Northumberland council chiefs 'cannot say' if there is a link between universal credit and increase in child protection plans
Northumberland County Council says it cannot say if there is a link between the roll-out of universal credit and increases in child protection plans.
A report following analysis of activity trends within the social work system to evaluate if there was a link between increased need and the launch of Universal Credit was presented to a meeting of the authority’s family and children’s services committee.
It followed a previous meeting where members heard about an increase over the last two years in the numbers of young people who are subject to child protection plans (CPPs). Children are made subject to CPPs if they have suffered significant harm, such as neglect, physical or sexual abuse, and are at continuing risk of this harm.
The latest report, which was sparked by a request from Coun Scott Dickinson, concluded: ‘As we do not have access to the individual claimant-level data on universal credit, we cannot say that there is a link between it and these increases in need.
‘However, it is clear that since the date when universal credit was launched, we have seen some increase in the number of cases that are being managed using the higher levels of intervention, ie CPPs and LAC (looked-after children). This was not as apparent in the summer as it is now.
‘However, we are not in a position to make a judgement about causation or any direct links between universal credit and demand on children’s social care.’
Coun Dickinson, Labour’s deputy leader, was disappointed with what was presented, while accepting some of it was to do with the fact that the council didn’t have access to the relevant data.
“I know people think it was political, but it was about trying to separate the general CPP requirements and those that are linked to short-term pressures because of the roll-out of a new policy,” he added.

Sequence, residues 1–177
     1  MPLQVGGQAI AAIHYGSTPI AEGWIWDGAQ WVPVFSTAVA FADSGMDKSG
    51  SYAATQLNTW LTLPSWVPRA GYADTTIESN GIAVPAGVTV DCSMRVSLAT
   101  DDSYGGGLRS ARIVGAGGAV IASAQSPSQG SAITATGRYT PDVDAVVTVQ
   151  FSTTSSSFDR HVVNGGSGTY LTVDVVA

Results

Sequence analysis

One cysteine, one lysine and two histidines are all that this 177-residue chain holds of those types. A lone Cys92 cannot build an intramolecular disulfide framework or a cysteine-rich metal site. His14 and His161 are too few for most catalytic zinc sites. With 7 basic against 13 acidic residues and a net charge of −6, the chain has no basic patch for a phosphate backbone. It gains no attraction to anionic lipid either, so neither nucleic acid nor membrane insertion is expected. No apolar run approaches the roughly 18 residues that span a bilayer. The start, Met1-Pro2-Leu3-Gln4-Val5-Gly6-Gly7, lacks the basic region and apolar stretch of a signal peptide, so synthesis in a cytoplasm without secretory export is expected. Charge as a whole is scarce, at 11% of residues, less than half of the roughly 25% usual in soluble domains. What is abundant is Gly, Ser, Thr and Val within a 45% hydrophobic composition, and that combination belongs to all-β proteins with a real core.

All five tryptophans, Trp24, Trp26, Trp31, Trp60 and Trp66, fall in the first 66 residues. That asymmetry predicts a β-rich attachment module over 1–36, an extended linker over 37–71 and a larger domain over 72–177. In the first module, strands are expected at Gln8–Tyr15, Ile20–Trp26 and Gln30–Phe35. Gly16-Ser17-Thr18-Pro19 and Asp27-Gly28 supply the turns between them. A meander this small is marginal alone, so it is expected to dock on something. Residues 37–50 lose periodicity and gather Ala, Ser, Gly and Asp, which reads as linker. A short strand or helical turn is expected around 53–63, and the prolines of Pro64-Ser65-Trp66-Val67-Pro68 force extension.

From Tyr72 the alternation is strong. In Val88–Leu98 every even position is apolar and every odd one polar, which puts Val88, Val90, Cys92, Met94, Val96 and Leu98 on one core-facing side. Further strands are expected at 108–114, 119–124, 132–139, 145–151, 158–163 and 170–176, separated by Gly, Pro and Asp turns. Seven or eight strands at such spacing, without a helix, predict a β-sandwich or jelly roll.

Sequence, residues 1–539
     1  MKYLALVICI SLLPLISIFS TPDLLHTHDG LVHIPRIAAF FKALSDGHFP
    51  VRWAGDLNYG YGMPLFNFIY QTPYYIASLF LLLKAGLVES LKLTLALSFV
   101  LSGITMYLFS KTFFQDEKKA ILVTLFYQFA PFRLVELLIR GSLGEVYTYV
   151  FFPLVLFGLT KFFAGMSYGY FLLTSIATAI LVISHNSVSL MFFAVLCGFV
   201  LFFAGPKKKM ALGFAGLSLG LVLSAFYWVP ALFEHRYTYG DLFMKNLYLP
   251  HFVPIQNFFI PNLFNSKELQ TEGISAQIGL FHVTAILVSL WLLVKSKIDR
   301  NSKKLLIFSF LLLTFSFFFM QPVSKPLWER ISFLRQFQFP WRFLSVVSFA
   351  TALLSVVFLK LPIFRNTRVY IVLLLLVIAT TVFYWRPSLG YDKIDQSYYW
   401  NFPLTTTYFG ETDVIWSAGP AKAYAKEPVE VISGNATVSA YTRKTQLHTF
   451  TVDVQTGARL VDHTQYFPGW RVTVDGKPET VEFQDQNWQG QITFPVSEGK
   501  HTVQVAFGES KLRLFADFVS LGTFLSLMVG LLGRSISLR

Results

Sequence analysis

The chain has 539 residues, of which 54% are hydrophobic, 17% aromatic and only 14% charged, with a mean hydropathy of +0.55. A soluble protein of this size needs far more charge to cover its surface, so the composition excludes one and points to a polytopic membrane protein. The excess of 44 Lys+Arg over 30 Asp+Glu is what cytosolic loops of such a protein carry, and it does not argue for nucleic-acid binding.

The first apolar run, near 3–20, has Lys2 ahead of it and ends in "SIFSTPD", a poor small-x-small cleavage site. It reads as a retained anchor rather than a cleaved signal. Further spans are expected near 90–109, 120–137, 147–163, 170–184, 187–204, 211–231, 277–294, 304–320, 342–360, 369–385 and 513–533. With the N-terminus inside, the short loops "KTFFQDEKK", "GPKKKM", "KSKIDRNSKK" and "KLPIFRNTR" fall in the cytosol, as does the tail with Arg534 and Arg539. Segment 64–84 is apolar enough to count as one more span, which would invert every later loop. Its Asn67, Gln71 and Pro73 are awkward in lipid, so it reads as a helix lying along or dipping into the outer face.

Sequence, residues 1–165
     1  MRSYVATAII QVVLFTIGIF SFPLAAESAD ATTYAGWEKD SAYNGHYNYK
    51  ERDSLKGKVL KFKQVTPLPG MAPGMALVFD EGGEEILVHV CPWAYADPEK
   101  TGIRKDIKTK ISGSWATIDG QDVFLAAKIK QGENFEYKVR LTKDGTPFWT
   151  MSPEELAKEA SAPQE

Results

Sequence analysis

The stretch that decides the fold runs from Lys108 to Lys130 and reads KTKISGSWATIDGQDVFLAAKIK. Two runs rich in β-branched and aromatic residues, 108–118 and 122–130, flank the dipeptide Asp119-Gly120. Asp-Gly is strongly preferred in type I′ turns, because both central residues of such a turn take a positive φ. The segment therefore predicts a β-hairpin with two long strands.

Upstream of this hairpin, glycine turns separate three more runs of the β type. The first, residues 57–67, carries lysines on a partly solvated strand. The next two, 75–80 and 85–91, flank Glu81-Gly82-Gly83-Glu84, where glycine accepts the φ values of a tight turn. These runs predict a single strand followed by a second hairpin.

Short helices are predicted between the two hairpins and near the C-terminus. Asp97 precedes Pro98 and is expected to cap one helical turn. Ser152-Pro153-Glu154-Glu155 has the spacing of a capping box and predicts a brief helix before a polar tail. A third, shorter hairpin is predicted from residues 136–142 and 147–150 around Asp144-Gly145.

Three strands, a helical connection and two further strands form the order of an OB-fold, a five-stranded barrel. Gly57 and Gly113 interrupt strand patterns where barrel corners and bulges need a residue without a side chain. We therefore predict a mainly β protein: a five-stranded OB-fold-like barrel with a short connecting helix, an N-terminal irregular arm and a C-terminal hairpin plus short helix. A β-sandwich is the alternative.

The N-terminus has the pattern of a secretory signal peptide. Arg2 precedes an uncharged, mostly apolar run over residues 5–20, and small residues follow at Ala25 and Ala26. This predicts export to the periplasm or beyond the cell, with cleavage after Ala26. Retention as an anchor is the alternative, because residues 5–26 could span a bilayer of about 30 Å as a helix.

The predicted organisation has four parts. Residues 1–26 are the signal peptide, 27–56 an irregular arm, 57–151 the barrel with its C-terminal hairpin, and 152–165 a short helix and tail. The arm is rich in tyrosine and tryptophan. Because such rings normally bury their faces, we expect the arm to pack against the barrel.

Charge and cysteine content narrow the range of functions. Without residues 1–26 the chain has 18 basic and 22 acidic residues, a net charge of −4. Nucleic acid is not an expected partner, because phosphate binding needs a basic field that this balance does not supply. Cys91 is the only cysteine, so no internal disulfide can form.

Cath McEvoy-Carr, the council’s executive director of children’s services, said: “It has been a useful exercise for us, even if it didn't provide the answers you were looking for.”
She also explained that the threshold for a CPP is fairly high and that they are usually the result of a ‘myriad of issues’.
Given that the local authority does not have access to the universal credit data at individual claimant level, officers analysed proxy measures, ‘as we may have expected to have seen an increase in referrals to early help and the social work service and we may also have expected to have seen an increase in section 17 payments to financially support families’.
But ‘this analysis has not shown any significant or sustained increases in any of these areas’.
The report adds: ‘While financial pressures, including receipt of universal credit, may increase stress for families, it is difficult to directly link this to the increase in numbers subject to a child protection plan or looked-after children.
‘There are a variety of reasons why a child or young person may become subject to a CPP or be placed in care.
‘When we have audited such cases, the key question has been, was the decision the most appropriate one for that individual, and in the large majority of cases, the audits judged that it was.’
Concerns over national picture
The meeting came on the same day as the Local Government Association (LGA) reported that new figures show the number of children in care has risen by 28 per cent in the past decade.
The LGA is warning that this huge increase in demand is combining with funding shortages to put immense pressure on the ability of councils to support vulnerable children and young people and provide the early help that can stop children and families reaching crisis point in the first place.
According to the latest data, councils have also seen a 53% increase in children on CPPs - an additional 18,160 children - in the past decade.
Coun Judith Blake, chairman of the LGA’s Children and Young People Board, said: “These figures show the sheer scale of the unprecedented demand pressures on children’s services and the care system this decade.
“This is unsustainable. Councils want to make sure that children can get the best, rather than just get by, and that means investing in the right services to reach them at the right time.
“Councils need to be given a seat at the table for the care system review, alongside children, families and partners, to make sure this looks at what really matters and what can really make a difference."
Caption: Labour’s deputy leader, Coun Scott Dickinson.